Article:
The information, posted by Charles Van Heusen, a Texas-based Microsoft technology specialist, was still available in Google's search cache today.
A company spokeswoman neither confirmed nor denied the free upgrade offer, saying only that, "Microsoft has not disclosed an Office 2010 Technology Guarantee", and declining further comment.
As first reported by Ars Technica, Microsoft will kick off the 'Microsoft Office 2010 Technology Guarantee Program' on March 5 and run the free upgrade program through September 30.
Customers who purchase an eligible copy of Office 2007 during that period will be allowed to download the corresponding edition of Office 2010 for free when the new suite launches in June.
Users who want a DVD installation disc instead will have to pay a small shipping and handling fee for the Office 2010 media.
Buyers of Office Home and Student 2007 will receive a free copy of Office Home and Student 2010, while buyers of Office Standard 2007 will be eligible for a free copy of Office Home and Business 2010, a new edition in the Office lineup. Purchases of either Office Small Business 2007 or Office Professional 2007 will be eligible for a free copy of Office Professional 2010.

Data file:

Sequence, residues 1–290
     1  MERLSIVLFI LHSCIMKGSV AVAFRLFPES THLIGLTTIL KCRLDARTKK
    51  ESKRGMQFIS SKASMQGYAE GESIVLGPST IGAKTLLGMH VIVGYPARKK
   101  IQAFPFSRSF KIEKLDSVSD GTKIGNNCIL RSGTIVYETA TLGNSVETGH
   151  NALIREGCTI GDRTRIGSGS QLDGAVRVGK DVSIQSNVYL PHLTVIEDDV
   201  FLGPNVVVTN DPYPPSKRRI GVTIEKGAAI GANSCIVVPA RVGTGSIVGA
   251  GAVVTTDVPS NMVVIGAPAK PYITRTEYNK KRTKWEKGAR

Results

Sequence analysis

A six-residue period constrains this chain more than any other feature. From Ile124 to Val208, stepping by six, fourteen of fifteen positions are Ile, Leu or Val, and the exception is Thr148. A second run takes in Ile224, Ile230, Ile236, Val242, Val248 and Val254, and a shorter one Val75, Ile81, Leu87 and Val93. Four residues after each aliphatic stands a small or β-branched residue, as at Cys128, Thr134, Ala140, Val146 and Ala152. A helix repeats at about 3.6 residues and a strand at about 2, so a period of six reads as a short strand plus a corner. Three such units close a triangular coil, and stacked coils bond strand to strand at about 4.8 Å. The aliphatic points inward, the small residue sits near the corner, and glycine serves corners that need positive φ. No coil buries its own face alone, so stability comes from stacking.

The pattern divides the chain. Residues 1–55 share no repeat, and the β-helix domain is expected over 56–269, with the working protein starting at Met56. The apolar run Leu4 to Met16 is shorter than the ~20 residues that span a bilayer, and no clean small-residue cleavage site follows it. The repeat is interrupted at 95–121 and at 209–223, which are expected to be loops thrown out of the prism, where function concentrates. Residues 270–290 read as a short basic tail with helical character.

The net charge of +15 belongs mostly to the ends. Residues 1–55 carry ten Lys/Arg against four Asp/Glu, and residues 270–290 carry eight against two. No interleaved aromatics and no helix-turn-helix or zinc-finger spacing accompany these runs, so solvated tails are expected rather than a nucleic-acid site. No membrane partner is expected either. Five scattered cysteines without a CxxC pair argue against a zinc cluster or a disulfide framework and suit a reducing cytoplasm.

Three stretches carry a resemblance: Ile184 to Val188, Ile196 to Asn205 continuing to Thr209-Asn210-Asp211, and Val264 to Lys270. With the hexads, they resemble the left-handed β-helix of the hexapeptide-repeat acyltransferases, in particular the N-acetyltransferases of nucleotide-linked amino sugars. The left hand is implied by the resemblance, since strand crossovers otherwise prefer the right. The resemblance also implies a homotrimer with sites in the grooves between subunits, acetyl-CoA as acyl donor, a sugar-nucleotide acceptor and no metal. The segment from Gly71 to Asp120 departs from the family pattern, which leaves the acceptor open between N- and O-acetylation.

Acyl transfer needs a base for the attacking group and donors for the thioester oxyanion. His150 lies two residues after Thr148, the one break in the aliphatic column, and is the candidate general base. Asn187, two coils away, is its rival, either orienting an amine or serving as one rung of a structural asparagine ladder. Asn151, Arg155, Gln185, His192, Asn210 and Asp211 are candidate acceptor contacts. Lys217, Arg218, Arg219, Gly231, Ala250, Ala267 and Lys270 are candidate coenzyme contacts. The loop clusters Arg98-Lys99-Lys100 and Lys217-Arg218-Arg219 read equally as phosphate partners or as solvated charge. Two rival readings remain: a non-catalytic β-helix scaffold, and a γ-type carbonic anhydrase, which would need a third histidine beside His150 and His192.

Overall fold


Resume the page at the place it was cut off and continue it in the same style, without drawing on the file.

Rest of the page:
Microsoft typically runs upgrade promotions in the months leading up to a major product release to sustain sales when many customers know an updated edition is due out soon.
Last summer, Microsoft used the Windows 7 Upgrade Option to maintain sales of Vista. Customers who bought a copy of the soon-to-be-replaced operating system between June 26 and October 22 were to receive free copies of Windows 7 when it launched.
As with Wednesday's Office 2010 announcement, the Windows 7 Upgrade Option leaked before it was officially unveiled.
The company also offered similar deals for free upgrades from Office 2003 to Office 2007, and from Office 2004 for Mac to Office 2008 for Mac .
Last month, Microsoft revealed prices for Office 2010, and confirmed that it would not sell less-expensive upgrade editions , as it has in the past.
Some analysts have argued that Microsoft dumped upgrades to prevent business customers from using a loophole to avoid paying Microsoft's pricey software maintenance fees.
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See also: Microsoft unveils Office 2010 RC version